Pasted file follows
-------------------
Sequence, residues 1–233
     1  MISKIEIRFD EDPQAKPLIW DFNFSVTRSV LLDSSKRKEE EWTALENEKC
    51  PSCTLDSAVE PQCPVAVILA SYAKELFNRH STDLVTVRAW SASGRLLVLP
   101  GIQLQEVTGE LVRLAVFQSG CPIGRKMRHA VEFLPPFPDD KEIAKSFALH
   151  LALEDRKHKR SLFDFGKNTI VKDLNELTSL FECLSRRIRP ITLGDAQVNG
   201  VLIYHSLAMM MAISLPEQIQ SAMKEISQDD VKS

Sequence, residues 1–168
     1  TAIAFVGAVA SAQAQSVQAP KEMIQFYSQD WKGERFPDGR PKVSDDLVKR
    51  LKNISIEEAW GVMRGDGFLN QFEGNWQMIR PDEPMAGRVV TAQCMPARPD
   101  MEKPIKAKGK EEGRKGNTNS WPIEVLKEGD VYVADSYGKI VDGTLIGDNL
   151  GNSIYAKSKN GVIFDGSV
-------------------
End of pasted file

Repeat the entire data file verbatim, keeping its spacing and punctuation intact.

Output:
Sequence, residues 1–233
     1  MISKIEIRFD EDPQAKPLIW DFNFSVTRSV LLDSSKRKEE EWTALENEKC
    51  PSCTLDSAVE PQCPVAVILA SYAKELFNRH STDLVTVRAW SASGRLLVLP
   101  GIQLQEVTGE LVRLAVFQSG CPIGRKMRHA VEFLPPFPDD KEIAKSFALH
   151  LALEDRKHKR SLFDFGKNTI VKDLNELTSL FECLSRRIRP ITLGDAQVNG
   201  VLIYHSLAMM MAISLPEQIQ SAMKEISQDD VKS

Sequence, residues 1–168
     1  TAIAFVGAVA SAQAQSVQAP KEMIQFYSQD WKGERFPDGR PKVSDDLVKR
    51  LKNISIEEAW GVMRGDGFLN QFEGNWQMIR PDEPMAGRVV TAQCMPARPD
   101  MEKPIKAKGK EEGRKGNTNS WPIEVLKEGD VYVADSYGKI VDGTLIGDNL
   151  GNSIYAKSKN GVIFDGSV